This form of experiential learning has the added benefit that it is relatively short in terms of time required, so can be delivered either as a stand alone learning event, or incorporated into a learning curriculum, a culture transformation, a safety initiative, a focus on innovation or customer centricity.
Experiential learning is an arrow in the quiver of an organization committed to changing how individuals perform, whether the area of concern is sales, leadership, personal growth or culture transformation. It is an effective arrow to be sure, but most effective when paired with the other arrows of behavior change, such as exemplary leadership and a disciplined change process.
Some typical questions and answers re Experiential Learning
Q: Are virtual experiences available and are they as good as in class experiences?
A: Eagle’s Flight is a world leader in experiential learning, and can deliver the same impact and results both virtually and in class.
Q: How long is an experiential learning event?
A: They range from 1 - 3.5 hours depending on the degree of learning required from the debrief.
Q: Why does experiential learning usually create such a memorable experience?
A: We all tend to more easily remember stories, and the theme of the experience acts like a story, or movie, in the minds of the participants, so has better recall than typical presentations or other learning approaches.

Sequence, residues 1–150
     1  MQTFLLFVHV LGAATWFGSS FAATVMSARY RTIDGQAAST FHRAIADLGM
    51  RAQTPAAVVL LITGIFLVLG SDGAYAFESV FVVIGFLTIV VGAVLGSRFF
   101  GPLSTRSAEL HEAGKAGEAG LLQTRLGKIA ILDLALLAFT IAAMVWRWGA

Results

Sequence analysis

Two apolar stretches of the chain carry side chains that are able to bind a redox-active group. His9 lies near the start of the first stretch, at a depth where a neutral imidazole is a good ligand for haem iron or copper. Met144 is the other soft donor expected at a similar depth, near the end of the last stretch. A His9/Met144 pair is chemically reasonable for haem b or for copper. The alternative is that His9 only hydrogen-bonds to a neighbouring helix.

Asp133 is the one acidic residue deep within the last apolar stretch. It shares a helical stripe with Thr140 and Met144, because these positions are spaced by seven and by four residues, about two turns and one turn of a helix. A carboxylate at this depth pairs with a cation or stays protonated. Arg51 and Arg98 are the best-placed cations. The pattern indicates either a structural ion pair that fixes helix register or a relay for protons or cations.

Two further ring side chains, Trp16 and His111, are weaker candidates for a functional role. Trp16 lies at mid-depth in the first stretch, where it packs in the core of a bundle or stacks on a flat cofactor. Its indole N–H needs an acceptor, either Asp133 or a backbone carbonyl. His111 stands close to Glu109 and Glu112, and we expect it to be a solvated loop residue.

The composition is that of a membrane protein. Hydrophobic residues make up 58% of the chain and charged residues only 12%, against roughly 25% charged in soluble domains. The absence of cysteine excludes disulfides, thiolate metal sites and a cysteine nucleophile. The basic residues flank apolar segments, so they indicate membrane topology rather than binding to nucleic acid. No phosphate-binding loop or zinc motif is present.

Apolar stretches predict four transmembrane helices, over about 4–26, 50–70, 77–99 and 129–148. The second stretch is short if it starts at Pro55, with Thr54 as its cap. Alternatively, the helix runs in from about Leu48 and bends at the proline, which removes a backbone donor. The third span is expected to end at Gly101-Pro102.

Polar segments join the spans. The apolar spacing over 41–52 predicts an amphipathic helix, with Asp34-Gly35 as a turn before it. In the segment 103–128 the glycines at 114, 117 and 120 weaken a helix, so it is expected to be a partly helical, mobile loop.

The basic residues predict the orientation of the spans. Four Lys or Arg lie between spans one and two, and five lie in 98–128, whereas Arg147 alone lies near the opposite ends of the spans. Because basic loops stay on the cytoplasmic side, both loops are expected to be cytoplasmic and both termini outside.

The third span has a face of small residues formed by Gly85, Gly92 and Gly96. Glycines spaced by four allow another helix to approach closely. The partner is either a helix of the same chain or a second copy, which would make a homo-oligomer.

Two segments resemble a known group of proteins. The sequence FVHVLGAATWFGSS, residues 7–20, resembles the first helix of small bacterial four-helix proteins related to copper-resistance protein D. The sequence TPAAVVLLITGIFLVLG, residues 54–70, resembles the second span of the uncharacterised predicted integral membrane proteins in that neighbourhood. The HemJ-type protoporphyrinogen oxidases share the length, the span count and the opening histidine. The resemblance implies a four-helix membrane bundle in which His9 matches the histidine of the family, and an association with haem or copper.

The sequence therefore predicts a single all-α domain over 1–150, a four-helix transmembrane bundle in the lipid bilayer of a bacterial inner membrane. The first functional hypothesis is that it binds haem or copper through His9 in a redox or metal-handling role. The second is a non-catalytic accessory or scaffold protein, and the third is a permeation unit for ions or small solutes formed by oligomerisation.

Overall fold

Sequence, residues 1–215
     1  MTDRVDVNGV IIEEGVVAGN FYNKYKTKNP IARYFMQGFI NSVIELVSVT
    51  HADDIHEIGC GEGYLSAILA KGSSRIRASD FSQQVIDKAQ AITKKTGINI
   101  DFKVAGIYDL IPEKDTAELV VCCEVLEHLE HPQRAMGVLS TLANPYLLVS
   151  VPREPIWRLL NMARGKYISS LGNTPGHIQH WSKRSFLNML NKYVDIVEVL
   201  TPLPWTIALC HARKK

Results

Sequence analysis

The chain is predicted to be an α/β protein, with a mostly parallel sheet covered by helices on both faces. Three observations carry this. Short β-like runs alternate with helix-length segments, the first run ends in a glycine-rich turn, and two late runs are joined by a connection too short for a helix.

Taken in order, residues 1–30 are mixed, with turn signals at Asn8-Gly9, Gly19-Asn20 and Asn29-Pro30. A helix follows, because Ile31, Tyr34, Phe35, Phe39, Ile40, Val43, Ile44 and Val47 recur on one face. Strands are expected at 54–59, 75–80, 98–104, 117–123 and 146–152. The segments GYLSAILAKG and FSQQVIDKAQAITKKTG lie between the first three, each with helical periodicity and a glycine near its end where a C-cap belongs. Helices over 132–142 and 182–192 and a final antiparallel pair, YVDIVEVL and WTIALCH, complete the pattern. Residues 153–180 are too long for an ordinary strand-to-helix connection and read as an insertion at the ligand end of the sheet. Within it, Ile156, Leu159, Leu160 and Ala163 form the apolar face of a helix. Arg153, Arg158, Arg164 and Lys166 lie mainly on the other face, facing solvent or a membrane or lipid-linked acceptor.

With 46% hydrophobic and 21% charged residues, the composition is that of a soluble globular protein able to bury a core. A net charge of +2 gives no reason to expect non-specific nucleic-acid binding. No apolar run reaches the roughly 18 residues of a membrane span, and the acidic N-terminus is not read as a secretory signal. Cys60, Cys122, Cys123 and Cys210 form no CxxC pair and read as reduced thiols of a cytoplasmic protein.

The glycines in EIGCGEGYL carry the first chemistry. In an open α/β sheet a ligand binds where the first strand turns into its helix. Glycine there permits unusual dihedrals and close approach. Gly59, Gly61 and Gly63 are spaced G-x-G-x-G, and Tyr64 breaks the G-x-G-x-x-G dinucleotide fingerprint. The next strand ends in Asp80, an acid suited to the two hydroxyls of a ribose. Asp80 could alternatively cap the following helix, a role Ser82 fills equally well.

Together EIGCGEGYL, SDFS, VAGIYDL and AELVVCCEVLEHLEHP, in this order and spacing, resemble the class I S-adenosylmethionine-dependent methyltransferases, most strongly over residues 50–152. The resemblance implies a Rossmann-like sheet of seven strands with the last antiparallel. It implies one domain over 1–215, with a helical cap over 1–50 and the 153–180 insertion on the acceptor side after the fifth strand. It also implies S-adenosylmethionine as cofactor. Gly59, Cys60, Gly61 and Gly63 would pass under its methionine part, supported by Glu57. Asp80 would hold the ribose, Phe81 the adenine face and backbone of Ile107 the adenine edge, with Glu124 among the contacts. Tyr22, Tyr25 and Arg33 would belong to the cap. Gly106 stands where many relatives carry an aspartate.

Q: How can an experience build conviction?
A: Conviction usually flows from understanding. As participants learn to “win in the game” they just played, and then see how that game is really just a mirror of their real world, they understand how to “win at work” by applying the principles they just learned. Since the experience, the learning and the understanding are personally discovered (rather than “taught”), conviction to change is developed.
Q: How can a 1 -3 hour experience make that much of an impact?
A: Firstly, a great experience only concentrates on a few key principles, so the learning is focused; secondly, the metaphor of the experience allows time to be compressed. Back on the job a similar focus on only a few principles would normally occur over several days, be inevitably overlaid with numerous other priorities, and so lack the intensity of learning that can occur in a focused experience.